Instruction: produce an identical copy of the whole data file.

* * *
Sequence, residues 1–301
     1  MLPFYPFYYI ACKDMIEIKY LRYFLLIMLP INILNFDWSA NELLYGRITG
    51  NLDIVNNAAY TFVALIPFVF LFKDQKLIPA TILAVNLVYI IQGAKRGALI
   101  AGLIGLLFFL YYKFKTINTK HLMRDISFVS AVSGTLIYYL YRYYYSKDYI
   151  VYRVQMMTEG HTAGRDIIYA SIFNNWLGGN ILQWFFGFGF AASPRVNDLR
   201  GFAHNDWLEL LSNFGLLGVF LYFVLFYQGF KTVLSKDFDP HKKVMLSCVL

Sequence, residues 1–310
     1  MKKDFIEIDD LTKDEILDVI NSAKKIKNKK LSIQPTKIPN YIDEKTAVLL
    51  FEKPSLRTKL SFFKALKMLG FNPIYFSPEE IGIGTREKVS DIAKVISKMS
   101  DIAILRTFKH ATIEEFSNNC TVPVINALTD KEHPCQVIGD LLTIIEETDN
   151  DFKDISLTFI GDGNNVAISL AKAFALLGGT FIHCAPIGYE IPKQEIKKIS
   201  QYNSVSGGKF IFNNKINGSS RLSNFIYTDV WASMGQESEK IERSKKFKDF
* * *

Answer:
Sequence, residues 1–301
     1  MLPFYPFYYI ACKDMIEIKY LRYFLLIMLP INILNFDWSA NELLYGRITG
    51  NLDIVNNAAY TFVALIPFVF LFKDQKLIPA TILAVNLVYI IQGAKRGALI
   101  AGLIGLLFFL YYKFKTINTK HLMRDISFVS AVSGTLIYYL YRYYYSKDYI
   151  VYRVQMMTEG HTAGRDIIYA SIFNNWLGGN ILQWFFGFGF AASPRVNDLR
   201  GFAHNDWLEL LSNFGLLGVF LYFVLFYQGF KTVLSKDFDP HKKVMLSCVL

Sequence, residues 1–310
     1  MKKDFIEIDD LTKDEILDVI NSAKKIKNKK LSIQPTKIPN YIDEKTAVLL
    51  FEKPSLRTKL SFFKALKMLG FNPIYFSPEE IGIGTREKVS DIAKVISKMS
   101  DIAILRTFKH ATIEEFSNNC TVPVINALTD KEHPCQVIGD LLTIIEETDN
   151  DFKDISLTFI GDGNNVAISL AKAFALLGGT FIHCAPIGYE IPKQEIKKIS
   201  QYNSVSGGKF IFNNKINGSS RLSNFIYTDV WASMGQESEK IERSKKFKDF